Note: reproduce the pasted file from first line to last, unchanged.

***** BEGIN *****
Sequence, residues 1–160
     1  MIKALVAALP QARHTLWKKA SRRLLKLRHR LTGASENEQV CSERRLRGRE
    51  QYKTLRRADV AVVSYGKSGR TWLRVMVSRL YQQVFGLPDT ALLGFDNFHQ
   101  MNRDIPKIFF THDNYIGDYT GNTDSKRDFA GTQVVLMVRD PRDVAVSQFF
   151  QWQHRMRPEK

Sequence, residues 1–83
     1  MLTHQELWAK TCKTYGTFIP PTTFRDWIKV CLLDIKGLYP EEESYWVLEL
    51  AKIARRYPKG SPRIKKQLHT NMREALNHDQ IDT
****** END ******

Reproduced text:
Sequence, residues 1–160
     1  MIKALVAALP QARHTLWKKA SRRLLKLRHR LTGASENEQV CSERRLRGRE
    51  QYKTLRRADV AVVSYGKSGR TWLRVMVSRL YQQVFGLPDT ALLGFDNFHQ
   101  MNRDIPKIFF THDNYIGDYT GNTDSKRDFA GTQVVLMVRD PRDVAVSQFF
   151  QWQHRMRPEK

Sequence, residues 1–83
     1  MLTHQELWAK TCKTYGTFIP PTTFRDWIKV CLLDIKGLYP EEESYWVLEL
    51  AKIARRYPKG SPRIKKQLHT NMREALNHDQ IDT